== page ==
Speaking in short sentences and frequently turning to cite his report, former special counsel Robert Mueller spent the morning testifying to lawmakers for the first time about his two-year investigation into Russian interference in the 2016 campaign and attempts by the president to impede his probe.
The former FBI director hewed closely to the findings of his report in response to sometimes-heated questioning from 41 members of the House Judiciary Committee during the first of two hearings slated for Wednesday. His hearing before the House Intelligence Committee began shortly before 1 p.m.
In the first hearing, Mueller gave one-word answers — “yes,” “no,” “true,” “correct” — to questions 112 times over the course of nearly four hours. He flatly refused to answer address a range of topics or even read directly from his report, asking members to recite relevant passages themselves. He declined to discuss whether his report was a tacit recommendation of impeachment, and would not elaborate on the process behind key decisions that were made over the course of his investigation.
At the beginning of the hearing, Mueller reiterated his investigation did not exonerate President Trump on obstruction of justice, emphasizing Department of Justice policies against charging a sitting president.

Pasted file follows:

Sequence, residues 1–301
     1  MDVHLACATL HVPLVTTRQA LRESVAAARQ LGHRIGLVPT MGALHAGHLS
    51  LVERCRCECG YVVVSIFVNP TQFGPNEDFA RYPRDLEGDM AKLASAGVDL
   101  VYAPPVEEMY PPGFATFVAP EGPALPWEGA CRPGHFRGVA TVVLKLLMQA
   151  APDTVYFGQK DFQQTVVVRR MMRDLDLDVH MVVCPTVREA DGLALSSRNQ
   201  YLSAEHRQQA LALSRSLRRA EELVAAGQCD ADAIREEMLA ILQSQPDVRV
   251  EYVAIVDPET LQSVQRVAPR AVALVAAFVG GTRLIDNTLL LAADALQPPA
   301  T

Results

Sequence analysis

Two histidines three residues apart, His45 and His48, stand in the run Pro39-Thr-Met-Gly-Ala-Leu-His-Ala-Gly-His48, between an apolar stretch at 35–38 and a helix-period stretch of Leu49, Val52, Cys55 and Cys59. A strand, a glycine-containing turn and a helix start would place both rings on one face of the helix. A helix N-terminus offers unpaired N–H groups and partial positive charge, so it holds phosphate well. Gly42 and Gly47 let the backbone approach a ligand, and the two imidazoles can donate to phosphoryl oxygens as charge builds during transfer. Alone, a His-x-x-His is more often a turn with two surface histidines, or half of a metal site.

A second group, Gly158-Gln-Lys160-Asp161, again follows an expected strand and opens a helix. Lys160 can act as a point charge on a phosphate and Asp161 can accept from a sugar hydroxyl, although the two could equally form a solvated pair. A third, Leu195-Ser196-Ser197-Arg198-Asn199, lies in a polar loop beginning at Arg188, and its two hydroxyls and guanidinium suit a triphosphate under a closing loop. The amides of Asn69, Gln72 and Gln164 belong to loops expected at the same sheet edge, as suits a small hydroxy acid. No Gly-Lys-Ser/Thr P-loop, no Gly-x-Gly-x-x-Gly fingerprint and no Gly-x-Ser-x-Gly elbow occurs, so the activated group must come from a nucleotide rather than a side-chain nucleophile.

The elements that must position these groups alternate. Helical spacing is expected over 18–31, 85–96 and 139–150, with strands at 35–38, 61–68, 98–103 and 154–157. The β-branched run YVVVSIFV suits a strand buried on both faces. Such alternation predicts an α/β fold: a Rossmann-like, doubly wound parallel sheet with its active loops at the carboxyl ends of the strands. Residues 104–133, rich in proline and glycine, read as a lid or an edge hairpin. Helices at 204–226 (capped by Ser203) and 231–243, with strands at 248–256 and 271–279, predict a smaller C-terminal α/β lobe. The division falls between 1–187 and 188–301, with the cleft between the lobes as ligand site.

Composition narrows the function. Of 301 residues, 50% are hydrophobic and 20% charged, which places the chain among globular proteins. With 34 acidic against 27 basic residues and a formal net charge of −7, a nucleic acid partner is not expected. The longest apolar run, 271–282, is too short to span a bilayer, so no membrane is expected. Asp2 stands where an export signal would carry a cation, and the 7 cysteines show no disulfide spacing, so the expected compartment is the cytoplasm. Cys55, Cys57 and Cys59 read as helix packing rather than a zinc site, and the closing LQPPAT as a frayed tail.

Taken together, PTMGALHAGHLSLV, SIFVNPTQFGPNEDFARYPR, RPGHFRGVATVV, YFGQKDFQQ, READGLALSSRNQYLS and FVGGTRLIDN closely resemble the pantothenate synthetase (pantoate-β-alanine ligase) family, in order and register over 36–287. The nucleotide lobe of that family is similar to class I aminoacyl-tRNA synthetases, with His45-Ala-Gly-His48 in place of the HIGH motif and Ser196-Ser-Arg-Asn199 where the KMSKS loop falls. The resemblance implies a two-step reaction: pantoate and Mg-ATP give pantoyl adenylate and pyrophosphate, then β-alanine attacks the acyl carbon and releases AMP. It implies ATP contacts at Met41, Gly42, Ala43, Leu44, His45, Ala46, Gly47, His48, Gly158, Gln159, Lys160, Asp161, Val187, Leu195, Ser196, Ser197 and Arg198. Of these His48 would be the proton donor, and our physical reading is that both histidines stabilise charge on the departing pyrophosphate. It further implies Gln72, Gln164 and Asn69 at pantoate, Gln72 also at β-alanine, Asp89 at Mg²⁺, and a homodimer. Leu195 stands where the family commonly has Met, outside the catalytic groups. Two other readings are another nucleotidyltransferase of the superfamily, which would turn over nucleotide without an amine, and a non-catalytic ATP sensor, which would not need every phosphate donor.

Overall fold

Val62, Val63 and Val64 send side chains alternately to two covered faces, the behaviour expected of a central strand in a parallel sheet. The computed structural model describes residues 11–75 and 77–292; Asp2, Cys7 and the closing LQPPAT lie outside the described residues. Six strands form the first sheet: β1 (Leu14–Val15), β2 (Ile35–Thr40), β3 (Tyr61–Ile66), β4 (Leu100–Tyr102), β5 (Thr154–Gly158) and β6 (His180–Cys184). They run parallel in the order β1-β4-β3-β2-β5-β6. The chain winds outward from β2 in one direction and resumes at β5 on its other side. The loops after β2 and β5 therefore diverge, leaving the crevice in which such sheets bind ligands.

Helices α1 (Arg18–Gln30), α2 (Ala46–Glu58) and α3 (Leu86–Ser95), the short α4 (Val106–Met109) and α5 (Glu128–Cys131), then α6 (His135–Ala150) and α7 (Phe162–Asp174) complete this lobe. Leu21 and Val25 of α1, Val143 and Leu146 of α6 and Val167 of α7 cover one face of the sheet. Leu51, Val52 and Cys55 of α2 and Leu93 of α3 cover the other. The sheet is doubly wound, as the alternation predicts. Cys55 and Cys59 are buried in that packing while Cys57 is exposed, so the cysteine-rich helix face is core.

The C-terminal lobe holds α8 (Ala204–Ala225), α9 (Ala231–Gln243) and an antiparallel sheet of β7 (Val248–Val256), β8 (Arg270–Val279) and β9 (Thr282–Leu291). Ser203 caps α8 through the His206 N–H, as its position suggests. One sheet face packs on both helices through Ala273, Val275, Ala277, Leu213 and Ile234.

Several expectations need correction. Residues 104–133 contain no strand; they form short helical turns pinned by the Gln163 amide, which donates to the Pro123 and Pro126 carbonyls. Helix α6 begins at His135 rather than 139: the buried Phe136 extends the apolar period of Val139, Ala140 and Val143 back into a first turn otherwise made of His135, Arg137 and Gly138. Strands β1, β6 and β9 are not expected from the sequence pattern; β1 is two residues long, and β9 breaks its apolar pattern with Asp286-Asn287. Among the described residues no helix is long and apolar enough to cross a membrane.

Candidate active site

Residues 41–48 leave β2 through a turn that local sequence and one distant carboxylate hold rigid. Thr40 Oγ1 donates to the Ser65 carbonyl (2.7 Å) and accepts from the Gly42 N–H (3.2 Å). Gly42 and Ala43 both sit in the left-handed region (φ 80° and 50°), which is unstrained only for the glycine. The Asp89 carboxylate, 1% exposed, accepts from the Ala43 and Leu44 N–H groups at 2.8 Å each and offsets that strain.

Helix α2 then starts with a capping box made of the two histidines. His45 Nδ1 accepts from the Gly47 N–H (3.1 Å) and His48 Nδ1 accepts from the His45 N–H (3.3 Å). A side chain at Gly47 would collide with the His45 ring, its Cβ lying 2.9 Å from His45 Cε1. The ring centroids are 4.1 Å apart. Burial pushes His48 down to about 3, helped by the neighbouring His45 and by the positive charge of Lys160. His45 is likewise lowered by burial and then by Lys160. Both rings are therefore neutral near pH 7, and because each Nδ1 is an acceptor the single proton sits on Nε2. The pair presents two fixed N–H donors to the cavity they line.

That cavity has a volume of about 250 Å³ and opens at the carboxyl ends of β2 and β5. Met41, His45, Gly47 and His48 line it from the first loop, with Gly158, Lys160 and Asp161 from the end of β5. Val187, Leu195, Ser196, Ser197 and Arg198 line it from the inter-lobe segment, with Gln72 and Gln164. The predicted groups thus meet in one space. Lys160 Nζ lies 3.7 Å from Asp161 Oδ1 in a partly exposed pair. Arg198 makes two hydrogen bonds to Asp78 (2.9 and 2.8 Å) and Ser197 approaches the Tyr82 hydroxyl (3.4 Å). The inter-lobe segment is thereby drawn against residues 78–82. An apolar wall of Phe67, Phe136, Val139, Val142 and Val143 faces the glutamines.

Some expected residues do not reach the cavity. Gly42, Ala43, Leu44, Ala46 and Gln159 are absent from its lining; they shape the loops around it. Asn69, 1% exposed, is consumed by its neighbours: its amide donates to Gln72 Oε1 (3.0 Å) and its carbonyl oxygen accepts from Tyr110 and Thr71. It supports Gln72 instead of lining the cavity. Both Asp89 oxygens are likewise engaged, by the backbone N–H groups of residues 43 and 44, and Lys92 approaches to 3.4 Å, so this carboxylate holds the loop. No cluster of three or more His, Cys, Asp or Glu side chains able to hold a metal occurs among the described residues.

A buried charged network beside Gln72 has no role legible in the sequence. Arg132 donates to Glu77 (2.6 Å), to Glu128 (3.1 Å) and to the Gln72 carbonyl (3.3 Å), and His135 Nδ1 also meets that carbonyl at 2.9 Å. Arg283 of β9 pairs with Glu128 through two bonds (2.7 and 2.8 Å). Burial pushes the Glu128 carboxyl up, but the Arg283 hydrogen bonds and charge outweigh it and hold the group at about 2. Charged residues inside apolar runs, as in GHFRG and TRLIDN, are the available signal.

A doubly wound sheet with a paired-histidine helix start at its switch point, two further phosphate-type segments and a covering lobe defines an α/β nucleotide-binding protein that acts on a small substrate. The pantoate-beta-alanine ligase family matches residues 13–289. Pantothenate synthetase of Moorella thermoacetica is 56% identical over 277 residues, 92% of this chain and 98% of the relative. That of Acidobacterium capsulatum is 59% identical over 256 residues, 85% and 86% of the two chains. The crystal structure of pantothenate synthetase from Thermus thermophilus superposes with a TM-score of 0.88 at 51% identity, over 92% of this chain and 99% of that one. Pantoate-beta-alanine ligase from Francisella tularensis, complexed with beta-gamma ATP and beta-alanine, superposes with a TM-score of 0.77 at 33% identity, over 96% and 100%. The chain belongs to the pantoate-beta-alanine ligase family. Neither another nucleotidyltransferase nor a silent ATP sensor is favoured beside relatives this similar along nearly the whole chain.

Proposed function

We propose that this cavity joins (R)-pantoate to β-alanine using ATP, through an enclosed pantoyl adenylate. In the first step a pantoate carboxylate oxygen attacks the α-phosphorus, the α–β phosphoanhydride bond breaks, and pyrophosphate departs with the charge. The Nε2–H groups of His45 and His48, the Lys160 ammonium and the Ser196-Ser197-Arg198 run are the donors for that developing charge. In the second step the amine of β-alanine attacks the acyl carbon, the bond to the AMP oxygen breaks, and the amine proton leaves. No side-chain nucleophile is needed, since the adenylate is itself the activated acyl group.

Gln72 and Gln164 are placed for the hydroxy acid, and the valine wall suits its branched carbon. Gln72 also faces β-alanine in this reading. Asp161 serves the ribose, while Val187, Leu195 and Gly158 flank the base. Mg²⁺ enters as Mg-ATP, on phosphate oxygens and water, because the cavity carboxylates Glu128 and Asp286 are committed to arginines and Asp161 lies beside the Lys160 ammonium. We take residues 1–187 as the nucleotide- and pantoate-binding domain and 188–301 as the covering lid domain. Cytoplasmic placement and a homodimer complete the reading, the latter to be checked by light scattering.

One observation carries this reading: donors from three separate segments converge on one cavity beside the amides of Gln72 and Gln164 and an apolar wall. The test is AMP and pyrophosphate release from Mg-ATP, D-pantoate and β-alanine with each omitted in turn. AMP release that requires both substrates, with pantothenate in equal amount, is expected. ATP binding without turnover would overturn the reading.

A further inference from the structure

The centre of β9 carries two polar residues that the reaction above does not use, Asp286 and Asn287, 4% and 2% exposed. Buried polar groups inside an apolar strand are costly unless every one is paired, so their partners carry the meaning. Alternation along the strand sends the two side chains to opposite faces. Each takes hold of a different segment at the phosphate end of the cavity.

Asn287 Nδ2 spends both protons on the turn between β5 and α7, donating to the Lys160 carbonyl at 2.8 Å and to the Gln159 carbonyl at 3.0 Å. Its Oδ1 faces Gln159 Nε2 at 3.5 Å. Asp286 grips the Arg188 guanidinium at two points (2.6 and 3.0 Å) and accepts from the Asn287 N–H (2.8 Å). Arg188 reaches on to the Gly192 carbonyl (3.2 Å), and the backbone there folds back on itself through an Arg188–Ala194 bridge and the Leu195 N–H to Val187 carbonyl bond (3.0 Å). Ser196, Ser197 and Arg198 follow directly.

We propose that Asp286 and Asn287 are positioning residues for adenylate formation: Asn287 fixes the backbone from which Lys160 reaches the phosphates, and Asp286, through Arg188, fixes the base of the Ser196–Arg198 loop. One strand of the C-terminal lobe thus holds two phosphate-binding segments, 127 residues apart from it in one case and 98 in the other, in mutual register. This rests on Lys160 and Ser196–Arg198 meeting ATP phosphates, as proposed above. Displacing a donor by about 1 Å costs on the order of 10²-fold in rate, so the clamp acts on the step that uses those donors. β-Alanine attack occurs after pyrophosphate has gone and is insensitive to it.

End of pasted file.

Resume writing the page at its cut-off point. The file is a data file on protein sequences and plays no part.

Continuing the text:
Democrats largely focused on the portion of Mueller’s report dealing with possible obstruction by the president, while Republicans expressed outrage over Mueller’s failure to clear the president and questioned the origins of the investigation itself.
Some of the only instances of Mueller diverging from the report came when he defended the integrity of his investigators, pushing back on Republicans who suggested his team was politically motivated.
Mueller’s testimony began at 8:30 a.m. and ran longer than its allotted time, concluding shortly after noon. He is testifying before the House Intelligence Committee for another two hours in the afternoon.